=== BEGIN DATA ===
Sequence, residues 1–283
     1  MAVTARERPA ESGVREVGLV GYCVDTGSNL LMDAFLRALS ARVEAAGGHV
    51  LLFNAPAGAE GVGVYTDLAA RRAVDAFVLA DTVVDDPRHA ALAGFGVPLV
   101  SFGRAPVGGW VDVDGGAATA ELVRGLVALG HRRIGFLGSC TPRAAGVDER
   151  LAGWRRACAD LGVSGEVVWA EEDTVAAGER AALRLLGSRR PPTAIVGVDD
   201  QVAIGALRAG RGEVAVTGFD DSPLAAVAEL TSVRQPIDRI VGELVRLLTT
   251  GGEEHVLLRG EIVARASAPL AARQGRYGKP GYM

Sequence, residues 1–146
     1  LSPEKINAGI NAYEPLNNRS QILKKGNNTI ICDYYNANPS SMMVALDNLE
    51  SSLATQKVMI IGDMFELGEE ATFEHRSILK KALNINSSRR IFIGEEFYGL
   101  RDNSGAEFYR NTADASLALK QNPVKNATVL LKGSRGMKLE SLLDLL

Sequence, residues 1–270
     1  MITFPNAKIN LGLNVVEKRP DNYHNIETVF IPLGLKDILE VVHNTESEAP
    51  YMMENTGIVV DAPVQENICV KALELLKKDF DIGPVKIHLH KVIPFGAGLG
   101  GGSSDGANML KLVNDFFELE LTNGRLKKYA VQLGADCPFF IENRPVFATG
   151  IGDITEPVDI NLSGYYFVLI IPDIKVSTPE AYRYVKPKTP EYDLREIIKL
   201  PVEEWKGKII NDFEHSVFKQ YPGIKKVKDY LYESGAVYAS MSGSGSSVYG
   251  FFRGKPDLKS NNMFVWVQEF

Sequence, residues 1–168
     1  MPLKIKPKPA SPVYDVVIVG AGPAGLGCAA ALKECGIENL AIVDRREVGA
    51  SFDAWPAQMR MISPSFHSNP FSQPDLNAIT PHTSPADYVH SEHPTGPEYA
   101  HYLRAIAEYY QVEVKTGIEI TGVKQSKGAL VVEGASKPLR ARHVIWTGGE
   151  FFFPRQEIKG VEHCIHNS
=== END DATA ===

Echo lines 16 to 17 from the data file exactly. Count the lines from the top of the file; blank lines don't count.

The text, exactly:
   151  IGDITEPVDI NLSGYYFVLI IPDIKVSTPE AYRYVKPKTP EYDLREIIKL
   201  PVEEWKGKII NDFEHSVFKQ YPGIKKVKDY LYESGAVYAS MSGSGSSVYG